Two of the most frequently used buzz words these days in the corporate world are “Agile” and “Transformation”. But together what do they mean and why should you care? Simply put, an Agile Transformation is the journey that an organization undertakes to reshape its thinking, mindset, and culture to adopt an Agile framework and related practices. Agile frameworks involve continuous exploration and learning cycles while delivering value incrementally, but continuously. Additionally, Agile involves methods for breaking down complex problems into achievable components, improving the flow of work, and driving increased transparency, accountability, and predictability.
Before we jump into how to get started, let’s draw some distinction between Agile Transformation and Agile Enablement. Transformations offer substantial long-term and sustained value to the organization and require unwavering executive commitment. Transformations require “muscle memory” much like starting a new fitness routine. Results are not achieved in a single workout but rather over time as the body (organization) begins to adapt.
To prepare your organization to begin a successful Agile Transformation, consider the following elements that are essential for achieving results:
Engage Change Agents
A transformation of any kind impacts people. By definition, we are changing processes, approaches, and thinking that has likely been engrained in the organization for years. Changing processes, tools, and even approaches is not terribly difficult. But mindset takes time and transforming culture takes persistence, patience, and commitment. Change Agents are trusted members of your organization that can help identify resistance and supporting a guiding coalition to carry out actions that will drive the change.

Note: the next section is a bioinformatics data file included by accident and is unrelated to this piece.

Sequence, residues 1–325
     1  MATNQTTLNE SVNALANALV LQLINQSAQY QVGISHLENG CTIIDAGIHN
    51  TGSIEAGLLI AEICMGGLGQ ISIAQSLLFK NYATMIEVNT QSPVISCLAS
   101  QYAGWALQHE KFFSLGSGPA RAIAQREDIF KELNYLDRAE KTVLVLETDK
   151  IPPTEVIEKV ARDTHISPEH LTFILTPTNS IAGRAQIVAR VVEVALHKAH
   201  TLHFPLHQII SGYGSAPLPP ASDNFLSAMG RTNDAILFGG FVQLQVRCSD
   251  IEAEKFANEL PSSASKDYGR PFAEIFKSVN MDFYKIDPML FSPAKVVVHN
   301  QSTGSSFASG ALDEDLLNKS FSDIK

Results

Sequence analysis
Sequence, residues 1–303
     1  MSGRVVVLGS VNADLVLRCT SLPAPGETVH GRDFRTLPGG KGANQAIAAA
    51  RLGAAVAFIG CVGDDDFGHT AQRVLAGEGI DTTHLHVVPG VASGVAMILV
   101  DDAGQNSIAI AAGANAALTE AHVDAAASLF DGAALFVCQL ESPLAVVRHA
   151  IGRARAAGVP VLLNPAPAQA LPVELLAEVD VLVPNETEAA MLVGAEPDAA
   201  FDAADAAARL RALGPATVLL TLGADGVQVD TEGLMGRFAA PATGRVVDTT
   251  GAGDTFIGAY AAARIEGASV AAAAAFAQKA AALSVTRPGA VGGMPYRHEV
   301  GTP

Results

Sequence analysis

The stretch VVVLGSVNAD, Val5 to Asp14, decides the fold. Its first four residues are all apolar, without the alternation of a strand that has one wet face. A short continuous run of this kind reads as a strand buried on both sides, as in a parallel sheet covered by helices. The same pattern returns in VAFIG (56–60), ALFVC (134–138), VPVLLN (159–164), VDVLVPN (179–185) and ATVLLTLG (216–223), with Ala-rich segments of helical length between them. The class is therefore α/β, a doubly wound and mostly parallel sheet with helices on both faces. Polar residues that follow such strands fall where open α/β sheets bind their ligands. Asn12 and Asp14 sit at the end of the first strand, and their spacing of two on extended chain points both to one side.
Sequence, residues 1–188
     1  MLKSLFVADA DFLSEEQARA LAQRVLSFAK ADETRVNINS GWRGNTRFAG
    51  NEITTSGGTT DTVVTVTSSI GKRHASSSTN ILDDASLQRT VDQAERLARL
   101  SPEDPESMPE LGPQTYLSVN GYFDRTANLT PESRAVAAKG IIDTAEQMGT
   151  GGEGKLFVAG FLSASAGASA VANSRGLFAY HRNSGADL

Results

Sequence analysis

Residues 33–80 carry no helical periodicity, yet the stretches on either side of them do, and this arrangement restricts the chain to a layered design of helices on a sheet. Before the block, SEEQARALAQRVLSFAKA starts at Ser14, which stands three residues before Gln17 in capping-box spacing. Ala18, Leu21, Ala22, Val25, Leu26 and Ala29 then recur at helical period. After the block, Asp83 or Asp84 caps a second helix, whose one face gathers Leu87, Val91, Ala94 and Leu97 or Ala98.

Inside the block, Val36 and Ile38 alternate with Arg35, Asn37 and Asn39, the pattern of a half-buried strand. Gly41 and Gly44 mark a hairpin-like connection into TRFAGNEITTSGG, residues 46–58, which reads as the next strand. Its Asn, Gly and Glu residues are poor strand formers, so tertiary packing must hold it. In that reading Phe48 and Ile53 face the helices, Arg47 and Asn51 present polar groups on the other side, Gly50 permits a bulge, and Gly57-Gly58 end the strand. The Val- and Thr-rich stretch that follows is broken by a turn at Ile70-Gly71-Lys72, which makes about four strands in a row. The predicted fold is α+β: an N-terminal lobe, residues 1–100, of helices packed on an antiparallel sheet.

Agile is not simply a methodology. It is a mindset and culture. Leaders must not only speak the language, but they need to demonstrate and support the values. For example, one of the principles of SAFe (Scaled Agile Framework) is decentralized decision-making. This principle empowers Agile teams to improve the flow of work by making necessary timely decisions based on “boots on the ground” knowledge. Of course, decisions with significant economic impact or risk to the company may still be reserved for higher levels of management. But empowering teams to think for themselves and embrace accountability is a form of trust that leadership must support.
Establish Journey Map
Agile is often mistaken for faster delivery. While it is true that using Agile methods may increase output and time to market, there are many other benefits by adopting its principles. For example, improved scope control and prioritization of features & requirements may be achieved by applying concepts related to Minimal Viable Product (MVP). A Minimal Viable Product is an output that requires the least investment to validate a hypothesis or business objective. Challenging teams to focus on MVP is a method for minimizing investment and squeezing out the fat until the team can demonstrate initial value.
When launching an Agile Transformation, it is best to establish a journey map with checkpoints along the way. As the organization starts off you may see some immediate benefits in the transparency and predictability of work being delivered. As your organization matures, systems thinking, advanced problem solving, lean portfolio management, and a continuous learning culture will begin to emerge. Understanding the expected outcomes you are looking to achieve at the onset will enable you to better prepare for the journey ahead.
Launching an Agile Transformation can be an exciting and liberating endeavor. As an Agile coach, witnessing teams organizing around value and improving the flow of work continues to be a rewarding experience. Just like that new fitness routine you pledged to uphold, a coach can be a valuable partner to help you through challenging times and keep you accountable to achieving your goals.
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